“John, are you OK?”
“Leonard Cohen died,” he answers, and takes another big gulp without opening his eyes.
“I’m sorry…” Your words sound empty, but you do sympathise. When it were an actor or a musician you were fond of, their loss always felt personal.
John loves Cohen. Well, ‘loved’ will now be a better term. Popular Problems, released couple years ago, is his favourite album.
“Should I choose some younger artist to fancy now?” he asks from his armchair, and you hum questioningly. “To make me more hip, and less… old.”
You frown not sure what he’s talking about.
“Peterson’s retiring,” he says. You properly fail to follow the leaps his mind is making tonight.
“OK…” you draw out. “Peterson from Cardiology? Well, he’s old, and…”
“We were in the same year in uni,” John interrupts. Oh bugger.
You could remind him it’s not dates and numbers that determine a person’s age. It’s not about ‘how long;’ it’s about ‘how’ – how the person lives, how they feel, how much they want, crave, how much they take from life, and how much they’re willing to give.
“Do you know that in a few years they will think I’m your Dad? I’ll get all that grey hair, and with your genetics you’ll stay young forever…” He emits a sarcastic sharp laugh, and finishes his bevvie.
Ah, so that’s what it’s all about.
You rise from the chair, cross the room ignoring the aching soles, and climb on his lap. He doesn’t stir, but you know he’s glad you’re here.
“So, is this Hemingway style drinking all about your mortality and…” you start in a light teasing tone, and he suddenly lifts his head and pins you with a dark stare.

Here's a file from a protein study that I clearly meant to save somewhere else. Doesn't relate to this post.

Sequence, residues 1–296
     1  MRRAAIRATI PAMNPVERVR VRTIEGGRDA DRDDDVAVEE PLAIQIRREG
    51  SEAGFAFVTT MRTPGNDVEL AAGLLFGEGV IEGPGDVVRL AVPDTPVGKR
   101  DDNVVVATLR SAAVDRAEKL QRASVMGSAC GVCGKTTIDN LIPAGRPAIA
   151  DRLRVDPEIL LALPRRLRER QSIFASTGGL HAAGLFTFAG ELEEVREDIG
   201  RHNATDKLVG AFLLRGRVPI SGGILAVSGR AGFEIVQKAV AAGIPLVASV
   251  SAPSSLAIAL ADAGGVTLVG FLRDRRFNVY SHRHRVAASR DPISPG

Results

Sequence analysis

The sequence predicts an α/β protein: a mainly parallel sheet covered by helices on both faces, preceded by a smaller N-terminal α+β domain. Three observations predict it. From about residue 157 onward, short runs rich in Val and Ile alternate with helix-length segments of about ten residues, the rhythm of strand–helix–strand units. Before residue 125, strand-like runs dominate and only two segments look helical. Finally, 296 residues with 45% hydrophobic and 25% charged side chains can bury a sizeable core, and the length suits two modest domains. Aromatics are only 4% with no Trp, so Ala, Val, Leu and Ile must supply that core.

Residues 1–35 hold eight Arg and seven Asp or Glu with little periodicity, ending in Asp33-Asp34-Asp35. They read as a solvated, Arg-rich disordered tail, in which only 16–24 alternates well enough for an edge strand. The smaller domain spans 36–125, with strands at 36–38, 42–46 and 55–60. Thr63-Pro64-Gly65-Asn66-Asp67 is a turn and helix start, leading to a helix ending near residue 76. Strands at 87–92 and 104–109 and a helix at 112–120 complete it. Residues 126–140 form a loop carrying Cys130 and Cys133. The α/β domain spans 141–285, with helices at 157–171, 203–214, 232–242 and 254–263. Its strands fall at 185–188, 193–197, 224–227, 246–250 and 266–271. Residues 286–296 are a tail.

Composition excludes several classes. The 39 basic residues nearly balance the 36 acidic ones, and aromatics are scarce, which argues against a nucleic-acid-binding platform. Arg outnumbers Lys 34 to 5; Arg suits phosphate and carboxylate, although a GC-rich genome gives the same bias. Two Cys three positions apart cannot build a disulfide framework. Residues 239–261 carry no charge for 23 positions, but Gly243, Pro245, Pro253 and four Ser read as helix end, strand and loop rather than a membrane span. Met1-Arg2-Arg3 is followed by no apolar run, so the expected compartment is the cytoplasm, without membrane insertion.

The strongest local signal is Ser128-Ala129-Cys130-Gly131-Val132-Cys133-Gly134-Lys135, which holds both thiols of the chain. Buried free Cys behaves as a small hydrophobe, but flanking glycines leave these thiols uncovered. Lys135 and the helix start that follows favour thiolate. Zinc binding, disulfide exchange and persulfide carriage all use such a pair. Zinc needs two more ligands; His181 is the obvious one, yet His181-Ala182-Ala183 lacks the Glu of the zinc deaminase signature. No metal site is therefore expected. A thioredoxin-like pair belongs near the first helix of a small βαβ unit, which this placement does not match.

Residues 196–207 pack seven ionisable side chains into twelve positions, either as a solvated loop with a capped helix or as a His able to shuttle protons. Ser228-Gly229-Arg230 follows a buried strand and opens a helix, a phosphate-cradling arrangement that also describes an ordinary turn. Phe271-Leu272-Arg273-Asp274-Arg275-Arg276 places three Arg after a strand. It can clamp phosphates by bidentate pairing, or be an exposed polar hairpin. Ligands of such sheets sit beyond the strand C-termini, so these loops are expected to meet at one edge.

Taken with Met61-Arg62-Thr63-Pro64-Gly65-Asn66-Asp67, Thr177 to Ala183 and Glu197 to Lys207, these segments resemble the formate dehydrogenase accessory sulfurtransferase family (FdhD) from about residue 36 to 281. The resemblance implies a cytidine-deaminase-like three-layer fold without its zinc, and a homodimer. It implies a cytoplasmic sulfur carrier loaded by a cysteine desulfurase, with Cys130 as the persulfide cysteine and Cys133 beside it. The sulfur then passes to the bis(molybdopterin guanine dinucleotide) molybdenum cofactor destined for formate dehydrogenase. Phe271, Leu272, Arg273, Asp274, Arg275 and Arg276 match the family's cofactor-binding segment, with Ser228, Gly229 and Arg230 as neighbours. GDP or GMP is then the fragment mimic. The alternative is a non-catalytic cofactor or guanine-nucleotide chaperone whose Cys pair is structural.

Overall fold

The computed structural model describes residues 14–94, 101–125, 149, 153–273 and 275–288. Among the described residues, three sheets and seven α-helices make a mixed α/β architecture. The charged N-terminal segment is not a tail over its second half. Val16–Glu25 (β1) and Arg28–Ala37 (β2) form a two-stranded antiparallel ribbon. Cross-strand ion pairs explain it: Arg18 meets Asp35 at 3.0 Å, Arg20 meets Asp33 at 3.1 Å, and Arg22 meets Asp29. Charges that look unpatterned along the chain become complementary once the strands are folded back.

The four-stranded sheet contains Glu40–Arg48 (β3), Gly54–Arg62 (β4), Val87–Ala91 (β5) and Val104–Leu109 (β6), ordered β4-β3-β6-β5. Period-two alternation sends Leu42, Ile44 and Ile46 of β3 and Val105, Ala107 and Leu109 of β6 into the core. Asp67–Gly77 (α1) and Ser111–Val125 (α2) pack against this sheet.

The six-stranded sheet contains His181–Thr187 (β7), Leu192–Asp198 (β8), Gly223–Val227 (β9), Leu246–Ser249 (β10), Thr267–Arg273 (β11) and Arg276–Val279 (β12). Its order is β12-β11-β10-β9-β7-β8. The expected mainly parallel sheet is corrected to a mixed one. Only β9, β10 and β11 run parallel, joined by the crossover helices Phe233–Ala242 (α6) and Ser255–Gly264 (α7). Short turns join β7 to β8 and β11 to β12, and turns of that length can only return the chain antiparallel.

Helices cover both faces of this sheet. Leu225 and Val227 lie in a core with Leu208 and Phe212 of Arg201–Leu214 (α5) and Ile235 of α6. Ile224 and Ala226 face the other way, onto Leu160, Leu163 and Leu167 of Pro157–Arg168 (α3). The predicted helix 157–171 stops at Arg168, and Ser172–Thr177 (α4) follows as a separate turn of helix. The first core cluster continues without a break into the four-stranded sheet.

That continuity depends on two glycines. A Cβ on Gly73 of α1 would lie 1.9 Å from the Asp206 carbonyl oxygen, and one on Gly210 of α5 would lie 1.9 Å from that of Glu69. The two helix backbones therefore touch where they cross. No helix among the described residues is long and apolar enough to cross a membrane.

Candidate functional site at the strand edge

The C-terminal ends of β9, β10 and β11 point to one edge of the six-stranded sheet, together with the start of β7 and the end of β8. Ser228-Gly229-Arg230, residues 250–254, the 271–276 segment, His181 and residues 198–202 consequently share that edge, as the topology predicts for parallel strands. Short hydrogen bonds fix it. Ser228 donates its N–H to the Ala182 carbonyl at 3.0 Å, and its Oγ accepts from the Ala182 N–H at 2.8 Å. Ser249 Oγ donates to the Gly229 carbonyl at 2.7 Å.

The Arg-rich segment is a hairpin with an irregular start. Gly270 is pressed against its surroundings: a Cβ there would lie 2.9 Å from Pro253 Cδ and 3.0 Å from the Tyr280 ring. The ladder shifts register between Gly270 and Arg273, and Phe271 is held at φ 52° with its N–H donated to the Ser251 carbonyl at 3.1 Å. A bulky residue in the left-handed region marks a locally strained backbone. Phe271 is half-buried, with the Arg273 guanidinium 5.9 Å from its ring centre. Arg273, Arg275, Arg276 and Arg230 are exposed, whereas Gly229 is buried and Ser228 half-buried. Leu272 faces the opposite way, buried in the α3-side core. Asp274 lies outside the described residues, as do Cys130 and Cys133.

“Do you want children, Wren?”
Oh sod it. Wrong time, wrong place – and really, John? Definitely wrong circumstances. He’s pissed, you’re exhausted. The combination is as cocked up as possible.
You have an odd thought. You wish you were forty right now. You wish you knew what one is supposed to answer to a man of his age, how one is supposed to talk, what to say to this question. Should you console? Flirt? Answer directly? Mollify?
And you’re tired, so very tired. And you feel young, and immature – and lost.
An adult wise woman would know what to say to her husband in this situation. She would know just the right words; she’d look into his eyes, and answer something that would make it alright. You want him to be happy. You don’t know how to make a man like him happy.
He’s achieved so much; but is looking back on one’s former successes a healthy way to deal with one’s age? He’s right – in ten years his hair will be all white. In ten years you’ll look just the same; you saw your biological mother’s photo in your file, she was thirty seven when she had you, and looked just like you do right now.
Are you to say that all is ahead of him? What if it isn’t? Are you to promise that the two of you will have a baby soon? You might not. There’s your education; and your career. On the other hand, you do want one. But you don’t want one right now. Right now, you want to sleep.
If you stay quiet long enough, he’ll shut like a clam, like he used to – or sigh melancholically, as he’s recently started. He’ll apologise, and say that the two of you need to go to bed.
“I’m sorry, Wren…” he starts, and you lean in and press your lips to his. He tastes like Lagavulin.
“I’m so tired…” you whisper, after moving away. His eyes open slowly, dark blue and shining. “I don’t think I can sustain this conversation.” He opens his mouth, and you press a finger across his lips gently. “Don’t apologise. It’s a valid convo, I just can’t…” You’re feeling sick, your eyes feel like full of hot sand, and there are some grotty yellow sparks dancing before your eyes.
He studies your face, and then sighs and nods.
You two go to bed; but despite how knackered you were, you can’t fall asleep. The conversation has left a nasty feeling somewhere in your stomach. And in half an hour or so, while you’re lying on your side, as if asleep, John carefully climbs out of bed, and leaves for the kitchen. You fall asleep before he’s back.